The University of Tasmania Nationals Division 1 Twenty20 side set off to Sydney this morning for a 4 day tournament in Campbelltown NSW against other Australian Universities. The side consists of a mixture of University students from a variety of CTPL clubs and other clubs across Tasmania, and will led by coach Noah van de Werken, captain Charlie Greenwell and experienced Intervarsity traveller and UTAS Cricket Club life member Bob Cotgrove.
Earlier this year, the University of Tasmania Cricket Club held a Testimonial Dinner to acknowledge the cricket career of Bob, who announced his retirement as a player after more than sixty years.
The President of Veterans Cricket Tasmania and a former University CC player, Bill Friend, delivered the following tribute. The tribute has been expanded with the assistance of Mike Gandy, who is editor of the Australian Cricket Society Tasmania Inc newsletter Break O’Day, and others.
"This evening we pay tribute to a living legend whose unrivalled contribution to the TUCC will not be surpassed for it was not only on the playing field, but perhaps even more importantly off it, that his influence was extraordinary.
Robert DM Cotgrove was born on 13 November 1938 at Gravesend in Kent, England where he spent the war years with his parents and older brother, John. Gravesend was on the German flight path to London and Bob retains clear memories of aerial dogfights, bombed out buildings, flying bombs (V1 “doodle-bugs”) and other events of the war.
On his 6th birthday in 1944 a V2 guided missile landed nearby causing considerable damage and loss of life. After the war Bob’s father accepted a position at ANM Paper Mills at Boyer and the family migrated to New Norfolk in 1949.
Bob attended Hobart High from 1950-54 and after an initial year at Cadburys, Claremont, he too started work at ANM as a cadet draughtsman from 1956-61. It was in New Norfolk that Bob started playing competitive cricket, along with tennis, golf and basketball. Bob commenced his TCA career with New Norfolk CC in 1954-55 being promoted to 1st Grade in 1956-7. During his time with NNCC Bob enjoyed opening the batting on occasions with Rex Garwood, one of Tasmania’s finest sporting sons.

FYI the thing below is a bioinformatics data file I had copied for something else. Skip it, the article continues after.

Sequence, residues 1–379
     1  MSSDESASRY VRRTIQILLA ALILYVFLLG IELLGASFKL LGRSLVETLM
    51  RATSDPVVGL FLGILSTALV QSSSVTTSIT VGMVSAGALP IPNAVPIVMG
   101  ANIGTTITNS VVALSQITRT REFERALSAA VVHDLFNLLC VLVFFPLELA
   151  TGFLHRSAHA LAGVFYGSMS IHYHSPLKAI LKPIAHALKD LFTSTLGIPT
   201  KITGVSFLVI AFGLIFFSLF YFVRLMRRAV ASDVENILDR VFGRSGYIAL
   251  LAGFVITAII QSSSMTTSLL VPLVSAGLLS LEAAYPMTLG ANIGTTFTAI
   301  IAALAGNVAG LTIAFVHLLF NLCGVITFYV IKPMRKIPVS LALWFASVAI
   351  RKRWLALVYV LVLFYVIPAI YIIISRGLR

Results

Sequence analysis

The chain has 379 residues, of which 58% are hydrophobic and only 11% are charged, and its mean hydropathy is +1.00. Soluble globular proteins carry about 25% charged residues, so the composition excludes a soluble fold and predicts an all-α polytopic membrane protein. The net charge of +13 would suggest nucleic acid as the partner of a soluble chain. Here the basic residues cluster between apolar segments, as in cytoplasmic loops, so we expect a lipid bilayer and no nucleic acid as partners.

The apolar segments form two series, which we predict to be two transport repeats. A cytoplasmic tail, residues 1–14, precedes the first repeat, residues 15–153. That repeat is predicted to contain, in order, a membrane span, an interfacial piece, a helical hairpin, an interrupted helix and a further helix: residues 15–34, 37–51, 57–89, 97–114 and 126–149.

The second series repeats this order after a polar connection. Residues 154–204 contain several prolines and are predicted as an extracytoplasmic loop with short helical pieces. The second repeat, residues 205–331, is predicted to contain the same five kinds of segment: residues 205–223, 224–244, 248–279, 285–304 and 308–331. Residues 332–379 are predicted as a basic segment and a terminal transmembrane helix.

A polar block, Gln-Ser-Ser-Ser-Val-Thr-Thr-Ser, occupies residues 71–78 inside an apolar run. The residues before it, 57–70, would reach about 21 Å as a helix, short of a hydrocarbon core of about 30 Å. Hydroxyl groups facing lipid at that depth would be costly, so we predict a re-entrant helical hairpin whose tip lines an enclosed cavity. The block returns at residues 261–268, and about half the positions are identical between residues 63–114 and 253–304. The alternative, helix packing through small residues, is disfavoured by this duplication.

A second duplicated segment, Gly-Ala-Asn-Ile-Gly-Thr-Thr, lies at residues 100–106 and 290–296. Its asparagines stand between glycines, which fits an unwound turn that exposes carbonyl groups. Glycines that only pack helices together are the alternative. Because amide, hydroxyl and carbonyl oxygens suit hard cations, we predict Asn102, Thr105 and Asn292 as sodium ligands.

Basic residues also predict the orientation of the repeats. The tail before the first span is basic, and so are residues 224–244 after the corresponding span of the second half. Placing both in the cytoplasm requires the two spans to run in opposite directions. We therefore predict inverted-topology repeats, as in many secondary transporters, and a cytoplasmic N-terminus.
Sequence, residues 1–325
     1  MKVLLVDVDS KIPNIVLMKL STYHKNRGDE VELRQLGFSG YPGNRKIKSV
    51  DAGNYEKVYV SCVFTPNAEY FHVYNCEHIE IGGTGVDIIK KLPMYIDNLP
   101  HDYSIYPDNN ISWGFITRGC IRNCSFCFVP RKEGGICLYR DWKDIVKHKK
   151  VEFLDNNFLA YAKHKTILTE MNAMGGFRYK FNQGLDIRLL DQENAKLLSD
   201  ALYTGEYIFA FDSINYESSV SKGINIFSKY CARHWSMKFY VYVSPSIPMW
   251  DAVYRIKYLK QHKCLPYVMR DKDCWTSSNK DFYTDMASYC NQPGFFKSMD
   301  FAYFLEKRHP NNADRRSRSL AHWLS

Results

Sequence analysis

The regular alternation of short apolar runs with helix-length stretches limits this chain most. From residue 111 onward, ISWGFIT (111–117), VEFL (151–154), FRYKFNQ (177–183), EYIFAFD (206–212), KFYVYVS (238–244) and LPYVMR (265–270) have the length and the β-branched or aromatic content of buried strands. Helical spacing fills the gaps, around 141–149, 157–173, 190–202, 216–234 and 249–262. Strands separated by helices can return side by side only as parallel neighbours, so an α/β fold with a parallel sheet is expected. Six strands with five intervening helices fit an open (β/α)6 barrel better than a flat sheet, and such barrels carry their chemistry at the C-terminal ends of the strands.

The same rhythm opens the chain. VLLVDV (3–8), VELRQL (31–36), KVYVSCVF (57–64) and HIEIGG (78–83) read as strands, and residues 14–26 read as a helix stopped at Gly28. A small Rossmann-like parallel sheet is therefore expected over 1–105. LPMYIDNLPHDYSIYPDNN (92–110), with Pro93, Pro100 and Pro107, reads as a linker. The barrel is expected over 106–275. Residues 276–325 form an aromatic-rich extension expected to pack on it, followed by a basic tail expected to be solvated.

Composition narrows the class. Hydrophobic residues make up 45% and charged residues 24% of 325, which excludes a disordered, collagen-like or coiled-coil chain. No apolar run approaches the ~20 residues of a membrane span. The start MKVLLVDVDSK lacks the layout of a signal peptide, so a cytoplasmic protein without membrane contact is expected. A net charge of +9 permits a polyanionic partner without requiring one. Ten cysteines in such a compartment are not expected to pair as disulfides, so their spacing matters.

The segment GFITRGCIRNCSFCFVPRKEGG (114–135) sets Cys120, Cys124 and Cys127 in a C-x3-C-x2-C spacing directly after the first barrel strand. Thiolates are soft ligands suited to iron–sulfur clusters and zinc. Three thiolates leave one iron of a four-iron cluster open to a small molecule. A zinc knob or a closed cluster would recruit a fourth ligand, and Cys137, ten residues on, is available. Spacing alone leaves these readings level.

It was also at New Norfolk that Bob met Gloria Julin, on holiday from Victoria, and they married in Gloria’s home town of Morwell in January 1962. The couple immediately sailed for England on the SS Strathnaver and spent the next two and a half years working and touring around Britain and Europe.
From their rented flat in Greenwich, Bob joined the City of London College CC and played three days a week with the Saturday and Sunday first elevens and a Wednesday mid-week eleven.
Returning to Tasmania in late 1964 Bob and Gloria were employed as teachers at Wynyard High School before being transferred to Launceston where Bob taught maths and science at Brooks High and played cricket with Mowbray in the latter half of the 1964-65 season. A further transfer to Hobart in late 1965 enabled Bob to enrol at the University and start his long career with TUCC, despite playing his first match just four weeks before his 27th birthday.
The following season saw the Yorkshire professional, and later England player and Test umpire, John Hampshire, allocated to the Club for the next three seasons. Hampshire, recruited as the TCA coach, was part of a quality Uni team that also contained Bruce Doolan, Graeme Farrell and Julian Abey. The team played its first grand final in 1967-68 against Len Maddock’s New Town team.
Bob, captain in place of Hampshire who had returned to England to start pre-season training with Yorkshire, lost the toss on a wet wicket and was forced to declare at 69/9 when Abey was struck on the head and collapsed on the pitch. Despite this New Town was 60/7 before scraping to 104 and a first innings win, with the following day washed out.
During these early years, Bob completed his studies graduating BA with Honours in Geography in 1970 and was appointed to the academic staff, retiring from full time employment in 2005.
Bob and Gloria bought their current house at Mount Nelson in December 1965 and parented two children, Edwina born in January 1967 and Robert born in October 1968.
Incredibly Bob played thirty consecutive seasons for TUCC including appearing in 1st Grade as an opening batsman until 1984-85 when he was 46-years old. During his time with Uni he scored over 9,000 runs and took 176 wickets in grade cricket as well as an unrecorded number of runs and wickets in inter-varsities, Southern Mid-Week and a host of social matches.